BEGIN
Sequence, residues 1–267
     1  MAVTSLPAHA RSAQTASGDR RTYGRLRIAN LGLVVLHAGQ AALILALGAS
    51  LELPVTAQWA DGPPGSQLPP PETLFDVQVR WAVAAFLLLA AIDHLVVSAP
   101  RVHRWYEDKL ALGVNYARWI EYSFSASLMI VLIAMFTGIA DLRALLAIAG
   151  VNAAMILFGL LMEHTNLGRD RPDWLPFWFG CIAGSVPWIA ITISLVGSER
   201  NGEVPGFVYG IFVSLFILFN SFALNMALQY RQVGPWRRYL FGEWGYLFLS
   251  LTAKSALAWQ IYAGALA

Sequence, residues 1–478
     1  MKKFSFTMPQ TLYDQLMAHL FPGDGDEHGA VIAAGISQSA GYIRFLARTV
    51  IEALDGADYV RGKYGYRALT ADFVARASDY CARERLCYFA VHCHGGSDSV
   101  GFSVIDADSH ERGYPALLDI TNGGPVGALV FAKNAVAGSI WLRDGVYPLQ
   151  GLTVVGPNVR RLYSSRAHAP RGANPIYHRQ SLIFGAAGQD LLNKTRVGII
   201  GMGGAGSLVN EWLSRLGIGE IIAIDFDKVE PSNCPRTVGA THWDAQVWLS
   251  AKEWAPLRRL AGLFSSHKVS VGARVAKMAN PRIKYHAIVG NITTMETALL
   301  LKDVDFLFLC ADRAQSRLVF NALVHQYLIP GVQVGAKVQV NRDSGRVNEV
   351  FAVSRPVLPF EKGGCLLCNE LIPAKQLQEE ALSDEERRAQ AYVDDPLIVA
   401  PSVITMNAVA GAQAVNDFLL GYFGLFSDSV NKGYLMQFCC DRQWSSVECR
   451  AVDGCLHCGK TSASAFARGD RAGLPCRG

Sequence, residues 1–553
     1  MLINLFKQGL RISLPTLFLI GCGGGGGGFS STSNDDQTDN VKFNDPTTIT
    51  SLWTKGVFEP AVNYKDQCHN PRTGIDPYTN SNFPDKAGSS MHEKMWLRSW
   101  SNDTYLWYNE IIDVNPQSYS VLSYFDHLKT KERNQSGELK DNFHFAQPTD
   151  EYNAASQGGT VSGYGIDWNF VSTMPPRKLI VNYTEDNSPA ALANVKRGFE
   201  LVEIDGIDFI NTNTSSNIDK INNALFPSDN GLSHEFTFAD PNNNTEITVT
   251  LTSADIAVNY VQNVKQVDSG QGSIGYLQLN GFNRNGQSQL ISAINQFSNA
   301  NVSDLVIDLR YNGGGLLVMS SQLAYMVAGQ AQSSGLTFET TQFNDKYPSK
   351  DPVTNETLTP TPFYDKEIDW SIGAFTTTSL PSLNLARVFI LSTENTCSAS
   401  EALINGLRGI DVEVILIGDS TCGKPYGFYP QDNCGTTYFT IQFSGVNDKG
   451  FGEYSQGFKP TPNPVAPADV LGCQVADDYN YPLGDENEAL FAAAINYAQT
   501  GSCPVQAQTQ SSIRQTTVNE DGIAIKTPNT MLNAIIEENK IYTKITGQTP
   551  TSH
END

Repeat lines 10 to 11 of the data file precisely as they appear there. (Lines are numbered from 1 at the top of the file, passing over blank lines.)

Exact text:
    51  IEALDGADYV RGKYGYRALT ADFVARASDY CARERLCYFA VHCHGGSDSV
   101  GFSVIDADSH ERGYPALLDI TNGGPVGALV FAKNAVAGSI WLRDGVYPLQ